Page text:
The June 1 meeting also will include a presentation by Terry Smith about the history of Memorial Day.
The public is invited to attend the meeting.
The Church of the Nazarene is located at 506 North Main Street in Columbia City.

Regular Meeting — May 4

Be sure to join us at our monthly meeting May 4, at the Church of The Nazarene, 506 North Main Street, in Columbia City.

As the election returns come in on Tuesday, May 4, the Whitley County Patriots will be gathered and watching.

During their meeting that night at 7 p.m. at the Columbia City Church of the Nazarene, 506 North Main Street, Patriots webmaster David Ditton plans to project the election results for attendees to view throughout the evening.

A major topic of discussion will be the federal government’s push for adoption of Cap & Trade legislation. Roger Metzger will discuss the stated objectives of the legislation and cite various sources about how it will place new cost burdens on business, industry and ordinary citizens.

“Proponents suggest this measure will improve the environment and create ‘green’ jobs, but a lot of nongovernment analysts say the clean air results will be insignificant,” says Metzger.  “While more than 30 thousand scientists have dismissed the claims that man is responsible for climate change, our two absentee Indiana senators have said they believe humans are to blame and are ‘evaluating all of the evidence’ before taking a stand,” Metzger continued. “Never mind that the global warming house of cards has collapsed, they are among many of our elected representatives in Washington who are deaf to that fact.”  The most significant effect of the cap and trade bill would be felt in individual households, notes Metzger.

Indiana Representative Mike Pence has said the direct cost per Indiana household would be at least $3,000 a year, according to Metzger. Others, he said, have projected it could be twice that amount.

Another event during the Patriots’ meeting will be recognition of four poster contest winners from the Tax Day TEA Party event April 15 at the Blue River Bridge and on the courthouse square.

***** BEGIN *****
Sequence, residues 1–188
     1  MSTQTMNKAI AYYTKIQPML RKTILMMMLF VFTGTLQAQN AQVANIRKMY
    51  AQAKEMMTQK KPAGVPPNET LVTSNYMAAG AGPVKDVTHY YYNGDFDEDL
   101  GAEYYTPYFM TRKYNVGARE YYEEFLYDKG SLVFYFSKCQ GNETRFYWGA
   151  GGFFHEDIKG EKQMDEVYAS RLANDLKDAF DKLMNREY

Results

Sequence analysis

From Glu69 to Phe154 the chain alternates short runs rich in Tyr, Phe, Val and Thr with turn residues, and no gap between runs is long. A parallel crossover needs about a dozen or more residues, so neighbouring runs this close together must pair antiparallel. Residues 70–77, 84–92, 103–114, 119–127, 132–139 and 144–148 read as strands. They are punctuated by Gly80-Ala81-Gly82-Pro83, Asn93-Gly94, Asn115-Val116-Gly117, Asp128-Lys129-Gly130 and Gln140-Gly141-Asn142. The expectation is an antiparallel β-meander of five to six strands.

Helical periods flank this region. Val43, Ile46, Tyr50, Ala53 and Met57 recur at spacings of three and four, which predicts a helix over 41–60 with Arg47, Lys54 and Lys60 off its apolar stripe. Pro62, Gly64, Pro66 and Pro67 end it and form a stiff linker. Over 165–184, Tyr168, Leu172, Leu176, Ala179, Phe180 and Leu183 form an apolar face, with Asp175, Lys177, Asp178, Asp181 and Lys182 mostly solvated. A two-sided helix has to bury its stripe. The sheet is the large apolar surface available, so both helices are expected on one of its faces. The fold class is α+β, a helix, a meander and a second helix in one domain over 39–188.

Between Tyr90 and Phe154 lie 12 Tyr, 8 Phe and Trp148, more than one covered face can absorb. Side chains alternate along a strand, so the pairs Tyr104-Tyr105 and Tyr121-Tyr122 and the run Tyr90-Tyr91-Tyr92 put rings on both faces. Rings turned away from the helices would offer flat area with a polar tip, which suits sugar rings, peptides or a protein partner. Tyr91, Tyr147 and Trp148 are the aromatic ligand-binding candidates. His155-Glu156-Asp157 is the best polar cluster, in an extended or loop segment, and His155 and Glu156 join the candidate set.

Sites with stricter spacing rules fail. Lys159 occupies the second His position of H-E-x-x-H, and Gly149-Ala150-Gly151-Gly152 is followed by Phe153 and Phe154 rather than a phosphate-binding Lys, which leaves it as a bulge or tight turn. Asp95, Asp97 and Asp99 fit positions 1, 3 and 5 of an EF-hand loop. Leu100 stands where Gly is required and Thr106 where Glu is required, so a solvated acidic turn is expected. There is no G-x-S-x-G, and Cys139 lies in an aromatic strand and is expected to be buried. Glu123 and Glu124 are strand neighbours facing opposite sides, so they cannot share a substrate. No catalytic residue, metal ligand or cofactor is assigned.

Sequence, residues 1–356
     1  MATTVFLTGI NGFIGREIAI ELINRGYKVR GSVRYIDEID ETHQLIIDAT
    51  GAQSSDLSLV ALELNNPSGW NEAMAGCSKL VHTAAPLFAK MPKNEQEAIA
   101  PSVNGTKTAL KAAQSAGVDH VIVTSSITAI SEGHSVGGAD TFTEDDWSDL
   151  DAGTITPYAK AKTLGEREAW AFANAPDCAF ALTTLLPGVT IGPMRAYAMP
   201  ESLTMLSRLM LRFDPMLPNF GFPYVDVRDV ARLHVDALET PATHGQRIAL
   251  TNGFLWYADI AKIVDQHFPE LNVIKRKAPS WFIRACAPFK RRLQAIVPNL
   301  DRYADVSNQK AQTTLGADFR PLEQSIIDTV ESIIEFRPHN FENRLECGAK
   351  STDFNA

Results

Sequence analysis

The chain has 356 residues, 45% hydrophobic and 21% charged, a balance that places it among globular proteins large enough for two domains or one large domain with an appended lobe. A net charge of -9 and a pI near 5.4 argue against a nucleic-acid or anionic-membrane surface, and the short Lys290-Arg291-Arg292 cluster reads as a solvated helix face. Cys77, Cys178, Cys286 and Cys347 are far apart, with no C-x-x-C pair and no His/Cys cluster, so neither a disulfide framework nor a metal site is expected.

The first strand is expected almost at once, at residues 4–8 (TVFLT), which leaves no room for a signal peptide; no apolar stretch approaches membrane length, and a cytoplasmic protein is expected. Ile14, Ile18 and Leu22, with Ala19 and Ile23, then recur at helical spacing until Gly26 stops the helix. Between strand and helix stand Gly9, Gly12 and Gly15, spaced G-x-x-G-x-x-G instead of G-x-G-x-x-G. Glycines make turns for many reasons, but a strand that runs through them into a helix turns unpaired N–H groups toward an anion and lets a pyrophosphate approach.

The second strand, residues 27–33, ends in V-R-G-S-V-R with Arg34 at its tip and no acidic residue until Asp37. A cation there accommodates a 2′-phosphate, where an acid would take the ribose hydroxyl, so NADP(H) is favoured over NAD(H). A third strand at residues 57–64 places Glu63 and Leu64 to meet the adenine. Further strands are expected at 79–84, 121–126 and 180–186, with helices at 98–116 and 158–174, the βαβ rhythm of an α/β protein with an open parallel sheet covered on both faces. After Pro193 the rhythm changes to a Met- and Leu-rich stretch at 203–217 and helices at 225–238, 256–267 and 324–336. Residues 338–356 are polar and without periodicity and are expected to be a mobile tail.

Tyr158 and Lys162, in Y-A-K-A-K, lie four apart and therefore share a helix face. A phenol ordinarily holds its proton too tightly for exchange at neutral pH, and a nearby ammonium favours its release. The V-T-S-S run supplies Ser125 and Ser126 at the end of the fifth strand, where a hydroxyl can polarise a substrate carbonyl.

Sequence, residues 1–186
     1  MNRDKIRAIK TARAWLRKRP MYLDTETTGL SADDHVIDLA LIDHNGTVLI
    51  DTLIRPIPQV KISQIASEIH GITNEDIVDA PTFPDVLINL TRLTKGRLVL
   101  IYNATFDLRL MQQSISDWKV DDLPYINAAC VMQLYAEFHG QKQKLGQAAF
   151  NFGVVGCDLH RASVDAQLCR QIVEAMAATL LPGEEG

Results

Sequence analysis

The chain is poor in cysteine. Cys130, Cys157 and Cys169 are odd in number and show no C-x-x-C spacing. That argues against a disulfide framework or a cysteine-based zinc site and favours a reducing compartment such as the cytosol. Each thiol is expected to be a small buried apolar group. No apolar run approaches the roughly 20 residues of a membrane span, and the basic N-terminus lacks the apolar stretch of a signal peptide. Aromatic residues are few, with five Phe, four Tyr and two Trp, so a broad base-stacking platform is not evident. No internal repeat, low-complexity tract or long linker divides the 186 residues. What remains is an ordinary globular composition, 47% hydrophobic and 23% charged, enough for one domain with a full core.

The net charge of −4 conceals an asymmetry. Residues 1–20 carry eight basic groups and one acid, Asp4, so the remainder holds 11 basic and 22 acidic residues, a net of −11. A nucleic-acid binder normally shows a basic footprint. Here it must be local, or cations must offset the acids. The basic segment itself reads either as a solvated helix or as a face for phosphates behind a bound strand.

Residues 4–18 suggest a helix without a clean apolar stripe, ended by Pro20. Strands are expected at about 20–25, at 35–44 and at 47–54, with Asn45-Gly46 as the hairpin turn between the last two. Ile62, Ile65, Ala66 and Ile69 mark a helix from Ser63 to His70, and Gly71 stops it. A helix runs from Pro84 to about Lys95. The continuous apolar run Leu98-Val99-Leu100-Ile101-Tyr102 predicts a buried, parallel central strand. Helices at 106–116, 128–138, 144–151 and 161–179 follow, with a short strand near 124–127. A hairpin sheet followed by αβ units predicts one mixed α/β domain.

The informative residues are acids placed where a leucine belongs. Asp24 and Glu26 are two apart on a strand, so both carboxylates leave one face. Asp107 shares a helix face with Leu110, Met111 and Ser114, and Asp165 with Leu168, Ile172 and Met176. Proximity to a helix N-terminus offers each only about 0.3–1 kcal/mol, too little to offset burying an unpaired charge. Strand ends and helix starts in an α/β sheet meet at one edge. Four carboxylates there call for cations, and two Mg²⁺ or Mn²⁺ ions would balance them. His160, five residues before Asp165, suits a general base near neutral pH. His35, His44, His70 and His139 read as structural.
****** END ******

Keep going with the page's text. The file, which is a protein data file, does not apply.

Attendees also will hear remarks about a nullification declaration document which urges state officials to uphold Constitutional state’s rights issues as they are usurped by the federal government. The document will be available for signatures during the evening.

The Whitley County Patriots whose schedules permit will be encouraged to attend the National Day of Prayer ceremony on Thursday, May 6, at noon at the courthouse gazebo.

All interested citizens of the community are invited to the Patriots’ monthly meetings.

Who Among Us is a Patriot?

From an anonymous Whitley County Patriot: (This was read at the April 6 meeting…)

Who among us is a Patriot?  Personally, I have always considered myself a patriot.

I love my country.  I grew up in a time when we learned in school to honor the foresight…the sacrifice…and the iron will of our Founding Fathers.  Much of what I studied told of their Christian faith in building this country of ours.  And, I have always had deep respect and appreciation for our military.  Still…I’ve often times felt a little unsure about publicly claiming the name patriot … feeling…unworthy, I guess.

For me, personally…I have not suffered … I have not sacrificed … I’ve not put my life on the line for America as some in this room have.  I am so humbled by those early Patriots.

You’ve no doubt heard what our Continental Army endured at Valley Forge.  General George Washington once said, “You might have tracked the army from White Marsh to Valley Forge by the blood of their feet.”

Washington regularly implored his countrymen for support of the Army. The troops lacked all sorts of critical supplies…from shoes and clothes…to food and blankets.  Men cut cloth strips to wrap around their feet in place of shoes.  They slept sitting up by campfires for lack of warm bedrolls.  Sickness and disease were rampant.  As many as one-third of Washington’s men were said to be so sick they were unfit for duty.

“You might have tracked the army from White Marsh to Valley Forge by the blood of their feet.”

Eventually, in early 1778, food shortages forced all of the soldiers on half-rations and their horses were dying for lack of forage.  Circumstances became so dire that Washington wrote to the Continental Congress saying, “Unless the situation changes the army will starve, dissolve or disperse.”  We know, however…those brave men prevailed.

Valley Forge came to symbolize the heroism of the American revolutionaries.

What manner of men were those Patriots?  A glimpse into their character comes from the 1842 book, “Life of Washington.”

An anecdote of [General Francis] Marion will serve to show his truly patriotic motives for enduring…with patient fortitude…the dangers and sufferings to which he was exposed.

An English officer was sent to him to make some proposals for an exchange of prisoners; he received the officer with civility, and after they had settled the business on which he came, Marion invited him to stay and take dinner with him.  At the name of dinner, the officer felt surprised; for on looking round, he saw no appearance of any provisions, nor of any place for preparing food.  A few sun burnt militiamen were sitting on some old tree stumps, with their powderhorns lying beside them, and Marion looked as if he had suffered from hunger.  The officer said he would accept his invitation; feeling curious, no doubt, to know where the dinner was to come from.